The race to exascale isn’t the only rivalry stirring up the advanced computing space. Artificial intelligence sub-fields, like deep learning, are also inspiring heated competition from tech conglomerates around the globe.
When it comes to image recognition, computers have already passed the threshold of average human competency, leaving tech titans, like Baidu, Google and Microsoft, vying to outdo each other.
The latest player to up the stakes is Chinese search company Baidu. Using the ImageNet object classification benchmark in tandem with Baidu’s purpose-built Minwa supercomputer, the search giant achieved an image identification error rate of just 4.58 percent, besting humans, Microsoft and Google in the process.
An updated paper [PDF] from a team of Baidu engineers, describes the latest accomplishment carried out by Baidu’s image recognition system, Deep Image, consisting of “a custom-built supercomputer dedicated to deep learning [Minwa], a highly optimized parallel algorithm using new strategies for data partitioning and communication, larger deep neural network models, novel data augmentation approaches, and usage of multi-scale high-resolution images.”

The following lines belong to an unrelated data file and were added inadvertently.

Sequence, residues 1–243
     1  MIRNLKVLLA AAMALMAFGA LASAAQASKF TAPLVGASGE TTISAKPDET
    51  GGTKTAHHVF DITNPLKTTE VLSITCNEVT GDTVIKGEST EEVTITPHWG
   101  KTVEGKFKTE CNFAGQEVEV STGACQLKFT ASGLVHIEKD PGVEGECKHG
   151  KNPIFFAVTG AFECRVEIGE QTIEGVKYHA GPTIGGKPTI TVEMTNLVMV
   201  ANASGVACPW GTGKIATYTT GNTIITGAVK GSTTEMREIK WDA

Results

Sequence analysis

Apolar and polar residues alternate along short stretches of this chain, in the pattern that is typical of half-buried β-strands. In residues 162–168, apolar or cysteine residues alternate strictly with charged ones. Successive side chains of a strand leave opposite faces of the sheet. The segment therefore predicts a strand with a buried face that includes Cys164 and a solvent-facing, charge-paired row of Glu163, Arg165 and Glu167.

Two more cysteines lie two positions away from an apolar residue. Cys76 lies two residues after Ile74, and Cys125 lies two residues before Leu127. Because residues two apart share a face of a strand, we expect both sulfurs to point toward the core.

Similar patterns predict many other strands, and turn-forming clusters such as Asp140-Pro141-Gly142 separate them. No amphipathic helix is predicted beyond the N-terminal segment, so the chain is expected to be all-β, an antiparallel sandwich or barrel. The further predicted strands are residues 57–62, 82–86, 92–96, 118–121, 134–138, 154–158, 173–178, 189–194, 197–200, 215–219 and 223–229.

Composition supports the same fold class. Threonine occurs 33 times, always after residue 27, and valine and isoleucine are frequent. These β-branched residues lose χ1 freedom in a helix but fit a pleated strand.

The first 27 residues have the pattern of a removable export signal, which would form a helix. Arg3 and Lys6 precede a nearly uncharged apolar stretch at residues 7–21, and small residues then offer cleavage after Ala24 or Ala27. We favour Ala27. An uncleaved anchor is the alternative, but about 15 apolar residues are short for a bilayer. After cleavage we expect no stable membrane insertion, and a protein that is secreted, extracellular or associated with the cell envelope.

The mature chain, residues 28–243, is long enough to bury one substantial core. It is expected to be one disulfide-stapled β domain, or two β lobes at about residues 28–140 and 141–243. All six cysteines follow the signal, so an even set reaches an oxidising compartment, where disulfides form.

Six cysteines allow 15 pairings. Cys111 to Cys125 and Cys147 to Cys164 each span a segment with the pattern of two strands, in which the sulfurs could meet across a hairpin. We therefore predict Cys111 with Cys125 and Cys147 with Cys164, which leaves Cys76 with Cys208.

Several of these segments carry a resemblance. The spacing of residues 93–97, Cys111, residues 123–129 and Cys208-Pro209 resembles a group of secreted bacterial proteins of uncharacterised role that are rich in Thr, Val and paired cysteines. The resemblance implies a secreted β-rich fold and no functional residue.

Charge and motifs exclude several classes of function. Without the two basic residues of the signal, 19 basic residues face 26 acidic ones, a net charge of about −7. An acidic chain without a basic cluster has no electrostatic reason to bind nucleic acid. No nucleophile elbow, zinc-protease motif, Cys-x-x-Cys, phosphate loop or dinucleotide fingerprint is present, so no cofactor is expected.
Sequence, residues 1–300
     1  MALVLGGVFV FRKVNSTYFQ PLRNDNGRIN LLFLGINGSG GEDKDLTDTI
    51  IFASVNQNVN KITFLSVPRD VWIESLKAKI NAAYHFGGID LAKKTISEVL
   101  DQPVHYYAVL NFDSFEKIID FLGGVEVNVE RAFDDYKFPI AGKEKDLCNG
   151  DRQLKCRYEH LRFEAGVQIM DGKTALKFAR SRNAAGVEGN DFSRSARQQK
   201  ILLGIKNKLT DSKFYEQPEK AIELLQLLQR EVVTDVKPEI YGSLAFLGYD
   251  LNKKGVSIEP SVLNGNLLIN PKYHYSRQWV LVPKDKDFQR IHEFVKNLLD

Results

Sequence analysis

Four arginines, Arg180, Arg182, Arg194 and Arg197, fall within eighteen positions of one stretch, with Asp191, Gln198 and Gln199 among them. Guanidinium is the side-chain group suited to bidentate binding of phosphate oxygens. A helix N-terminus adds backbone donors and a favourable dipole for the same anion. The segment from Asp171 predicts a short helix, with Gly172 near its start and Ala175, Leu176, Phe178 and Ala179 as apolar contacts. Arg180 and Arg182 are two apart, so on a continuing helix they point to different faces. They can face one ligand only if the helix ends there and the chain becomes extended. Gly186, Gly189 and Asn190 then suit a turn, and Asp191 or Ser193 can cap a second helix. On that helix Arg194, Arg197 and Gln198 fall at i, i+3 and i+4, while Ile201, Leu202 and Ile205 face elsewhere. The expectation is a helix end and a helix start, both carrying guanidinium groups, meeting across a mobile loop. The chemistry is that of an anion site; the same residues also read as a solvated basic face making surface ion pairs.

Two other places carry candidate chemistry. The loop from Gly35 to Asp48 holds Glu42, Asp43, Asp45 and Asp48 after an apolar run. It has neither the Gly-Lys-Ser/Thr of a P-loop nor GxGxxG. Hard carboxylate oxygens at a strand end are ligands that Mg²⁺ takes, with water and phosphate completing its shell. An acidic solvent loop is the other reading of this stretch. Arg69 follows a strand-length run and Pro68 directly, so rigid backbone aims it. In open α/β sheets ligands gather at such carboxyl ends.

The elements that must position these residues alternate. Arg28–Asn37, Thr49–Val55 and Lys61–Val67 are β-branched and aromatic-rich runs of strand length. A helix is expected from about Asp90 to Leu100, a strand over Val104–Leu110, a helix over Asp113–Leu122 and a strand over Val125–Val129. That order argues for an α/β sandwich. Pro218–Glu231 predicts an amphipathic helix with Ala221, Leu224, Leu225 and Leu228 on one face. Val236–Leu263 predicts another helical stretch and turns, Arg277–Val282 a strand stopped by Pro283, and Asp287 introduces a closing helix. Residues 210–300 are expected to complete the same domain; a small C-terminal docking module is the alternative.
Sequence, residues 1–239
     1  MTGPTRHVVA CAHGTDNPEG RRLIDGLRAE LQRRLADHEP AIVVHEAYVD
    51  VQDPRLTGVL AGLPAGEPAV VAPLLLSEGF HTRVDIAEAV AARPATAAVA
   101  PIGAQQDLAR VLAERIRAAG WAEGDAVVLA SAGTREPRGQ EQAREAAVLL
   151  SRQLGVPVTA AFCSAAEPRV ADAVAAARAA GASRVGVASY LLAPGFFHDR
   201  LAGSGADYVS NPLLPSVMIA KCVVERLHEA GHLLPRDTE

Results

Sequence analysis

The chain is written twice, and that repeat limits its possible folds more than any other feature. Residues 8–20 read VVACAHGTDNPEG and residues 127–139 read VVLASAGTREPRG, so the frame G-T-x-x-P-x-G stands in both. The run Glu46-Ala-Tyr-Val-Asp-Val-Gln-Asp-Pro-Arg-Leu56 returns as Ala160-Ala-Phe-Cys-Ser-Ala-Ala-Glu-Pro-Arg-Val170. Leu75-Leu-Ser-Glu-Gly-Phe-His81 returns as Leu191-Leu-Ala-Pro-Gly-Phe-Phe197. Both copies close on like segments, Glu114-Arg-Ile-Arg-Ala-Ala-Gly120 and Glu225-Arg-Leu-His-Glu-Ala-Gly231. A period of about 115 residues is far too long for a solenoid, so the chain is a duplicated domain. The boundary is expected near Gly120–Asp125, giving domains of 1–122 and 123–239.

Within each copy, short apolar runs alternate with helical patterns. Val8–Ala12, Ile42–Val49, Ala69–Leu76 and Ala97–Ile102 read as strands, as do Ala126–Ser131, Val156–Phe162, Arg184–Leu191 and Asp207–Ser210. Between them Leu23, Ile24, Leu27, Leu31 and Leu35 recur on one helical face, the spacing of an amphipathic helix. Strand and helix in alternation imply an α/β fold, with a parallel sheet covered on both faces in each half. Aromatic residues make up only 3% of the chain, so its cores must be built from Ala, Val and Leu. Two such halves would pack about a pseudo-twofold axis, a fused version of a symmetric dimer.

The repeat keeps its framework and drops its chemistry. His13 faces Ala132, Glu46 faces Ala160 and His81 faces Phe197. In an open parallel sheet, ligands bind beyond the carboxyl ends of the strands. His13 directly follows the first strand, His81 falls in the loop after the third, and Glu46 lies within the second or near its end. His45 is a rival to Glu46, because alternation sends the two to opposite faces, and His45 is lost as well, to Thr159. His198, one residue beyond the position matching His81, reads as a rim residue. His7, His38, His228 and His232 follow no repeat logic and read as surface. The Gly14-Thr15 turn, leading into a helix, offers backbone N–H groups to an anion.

“Our system has achieved the best result to date, with a top-5 error rate of 4.58% and exceeding the human recognition performance, a relative 31% improvement over the ILSVRC 2014 winner,” state the report’s authors.
The Baidu colleagues add that this is significantly better than the latest results from both Google, which reported a 4.82 percent error rate, and Microsoft, which days prior had declared victory over the average human error rate (of 5.1 percent) when it achieved a 4.94 percent score. Both companies were also competing in the ImageNet Large Scale Visual Recognition Challenge.